Kacy & Clayton still humble despite wowing famous fans

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      A great way to avoid being disappointed by life is to keep one’s expectations modest—a reality that’s not lost on Clayton Linthicum of Canadian psych-tinged Americana duo Kacy & Clayton. When the guitarist and occasional singer first started getting serious about music with his honey-voiced cousin Kacy Anderson, neither was dreaming about scoring platinum records or selling out Madison Square Garden.

      “I would say that all I wanted to do was do one tour, and then make the next one better,” Linthicum says with a laugh, speaking from his home in Saskatoon. “You know, like ‘Let’s try not to take so much time between songs on our next tour.’ Or ‘Let’s try and stay in a hotel.’ Those were the sorts of things that we dreamed of. But over time, it’s really become pretty nice.”

      That’s something of an understatement, but perhaps that’s to be expected, considering Linthicum comes across as a humble and modest guy. Over the course of four albums, including the recently released The Siren’s Song, Kacy & Clayton have been gushed over by publications ranging from Rolling Stone to No Depression. Along the way, they’ve made some high-profile fans, including Wilco’s Jeff Tweedy. Linthicum and Anderson opened for Wilco in San Francisco, leaving the singer so impressed he decided to produce The Siren’s Song.

      For Linthicum and Anderson—who started performing as Kacy & Clayton in rural Saskatchewan—working with Tweedy was, understandably, both daunting and a learning experience. One of the most striking things about The Siren’s Song is how warm the record feels, from the shuffling funk of “Just Like a Summer Cloud” to the gorgeously tape-hissed acoustic ballad “Go and Leave Me”. It’s the sound of a band that’s playing live off the floor.

      “Not only was that encouraged, but there was no other option,” he says with a laugh. “We were all in the same room—everything was set up when we got there with our names written on our little areas. There’s no changing things once you get a little piece of tape with your name on it to let you know where you have to be. We had to fit into their style of working, which was that you get four takes on a reel of tape. It was some kind of two-inch tape machine that had about 20 minutes of recording time.”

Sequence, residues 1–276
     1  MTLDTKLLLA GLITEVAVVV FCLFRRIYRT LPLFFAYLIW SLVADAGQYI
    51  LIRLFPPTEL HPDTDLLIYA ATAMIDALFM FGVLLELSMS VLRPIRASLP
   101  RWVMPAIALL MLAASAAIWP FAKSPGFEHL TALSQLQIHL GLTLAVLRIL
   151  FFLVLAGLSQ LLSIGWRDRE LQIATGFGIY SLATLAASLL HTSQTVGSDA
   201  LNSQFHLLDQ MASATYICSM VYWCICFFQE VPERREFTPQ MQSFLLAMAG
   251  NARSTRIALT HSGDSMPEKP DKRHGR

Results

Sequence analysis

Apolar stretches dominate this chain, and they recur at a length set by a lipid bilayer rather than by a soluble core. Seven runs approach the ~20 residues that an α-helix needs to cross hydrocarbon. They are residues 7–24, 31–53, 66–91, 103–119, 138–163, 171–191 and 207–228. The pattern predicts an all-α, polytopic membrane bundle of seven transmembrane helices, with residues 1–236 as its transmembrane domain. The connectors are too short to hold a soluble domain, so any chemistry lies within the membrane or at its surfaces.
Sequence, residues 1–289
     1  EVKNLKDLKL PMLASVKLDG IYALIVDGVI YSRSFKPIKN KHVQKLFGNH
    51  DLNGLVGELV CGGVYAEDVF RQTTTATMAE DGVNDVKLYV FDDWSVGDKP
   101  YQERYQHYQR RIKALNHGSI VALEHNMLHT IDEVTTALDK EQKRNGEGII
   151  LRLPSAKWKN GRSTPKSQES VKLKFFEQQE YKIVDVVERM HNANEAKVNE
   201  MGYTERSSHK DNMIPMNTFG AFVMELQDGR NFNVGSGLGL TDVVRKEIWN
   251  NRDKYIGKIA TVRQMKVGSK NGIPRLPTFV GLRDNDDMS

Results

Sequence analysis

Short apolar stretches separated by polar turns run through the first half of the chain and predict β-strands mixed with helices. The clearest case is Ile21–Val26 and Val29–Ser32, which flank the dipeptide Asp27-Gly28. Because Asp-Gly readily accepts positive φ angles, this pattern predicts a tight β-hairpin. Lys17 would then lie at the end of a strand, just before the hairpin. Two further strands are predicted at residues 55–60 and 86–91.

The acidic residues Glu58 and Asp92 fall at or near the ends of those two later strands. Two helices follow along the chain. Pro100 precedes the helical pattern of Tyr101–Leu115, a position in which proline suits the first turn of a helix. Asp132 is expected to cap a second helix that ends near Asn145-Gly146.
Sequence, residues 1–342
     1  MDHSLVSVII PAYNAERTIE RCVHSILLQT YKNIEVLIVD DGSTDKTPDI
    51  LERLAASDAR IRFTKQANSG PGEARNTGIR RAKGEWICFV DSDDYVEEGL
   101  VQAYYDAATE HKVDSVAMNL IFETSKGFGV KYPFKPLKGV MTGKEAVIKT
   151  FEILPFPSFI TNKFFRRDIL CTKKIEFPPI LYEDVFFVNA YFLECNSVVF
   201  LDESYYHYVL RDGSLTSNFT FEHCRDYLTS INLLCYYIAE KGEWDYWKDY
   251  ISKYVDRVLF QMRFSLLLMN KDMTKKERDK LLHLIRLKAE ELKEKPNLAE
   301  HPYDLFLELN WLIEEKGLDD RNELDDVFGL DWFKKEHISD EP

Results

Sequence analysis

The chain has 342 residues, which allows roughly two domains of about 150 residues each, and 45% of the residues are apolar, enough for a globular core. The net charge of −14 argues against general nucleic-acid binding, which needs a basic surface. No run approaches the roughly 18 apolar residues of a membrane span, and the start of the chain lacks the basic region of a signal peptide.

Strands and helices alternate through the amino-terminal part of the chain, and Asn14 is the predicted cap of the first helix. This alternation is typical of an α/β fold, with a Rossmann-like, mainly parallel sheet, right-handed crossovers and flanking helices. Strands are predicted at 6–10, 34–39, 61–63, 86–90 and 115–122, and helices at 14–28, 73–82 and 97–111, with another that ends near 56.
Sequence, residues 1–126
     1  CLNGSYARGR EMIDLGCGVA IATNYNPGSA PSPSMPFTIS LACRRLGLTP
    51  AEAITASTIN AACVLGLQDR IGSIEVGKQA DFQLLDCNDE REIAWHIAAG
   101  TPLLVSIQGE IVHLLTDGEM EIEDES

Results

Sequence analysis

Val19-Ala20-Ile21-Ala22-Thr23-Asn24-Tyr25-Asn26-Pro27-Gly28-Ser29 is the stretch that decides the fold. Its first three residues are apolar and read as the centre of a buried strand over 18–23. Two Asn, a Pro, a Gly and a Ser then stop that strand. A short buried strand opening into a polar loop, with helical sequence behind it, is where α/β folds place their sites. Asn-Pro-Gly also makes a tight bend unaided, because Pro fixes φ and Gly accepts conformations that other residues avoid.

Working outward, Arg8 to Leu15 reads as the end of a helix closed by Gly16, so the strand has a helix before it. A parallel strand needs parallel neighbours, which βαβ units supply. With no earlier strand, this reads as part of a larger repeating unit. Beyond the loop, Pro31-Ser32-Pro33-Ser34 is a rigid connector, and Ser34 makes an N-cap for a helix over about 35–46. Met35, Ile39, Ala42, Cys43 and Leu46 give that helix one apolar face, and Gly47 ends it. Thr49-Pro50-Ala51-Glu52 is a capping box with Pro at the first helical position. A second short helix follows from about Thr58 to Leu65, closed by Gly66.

While Linthicum says that was a challenge, the results are pretty magical, with Kacy & Clayton sounding like British-folk obsessives who might also be familiar with such landmarks as Gram Parsons’s Grievous Angel or Linda Ronstadt’s often overlooked but essential Hand Sown…Home Grown. The duo hunkers down on the porch for the Appalachia-flavoured “Cannery Yard” and dips into Bert Jansch territory for the surreal—and surreally funny—“The Siren’s Song”.

      The duo is definitely onto something, as proven by the effusive praise for The Siren’s Song. Unsurprisingly, however, Linthicum isn’t getting swept up in the hype. Sometimes you have to keep your expectations low.

      “Ever since I was about 14, doing music is how I’ve spent my time—all my time,” he says. “So I think being able to see whatever success we’re having is hard when you’re so busy with the daily tasks of being in a band and making music. But I will say that every time we go out on the road, something new and exciting happens. So I guess we’re pretty lucky.”

      Kacy & Clayton play the Biltmore Cabaret on Thursday (September 28).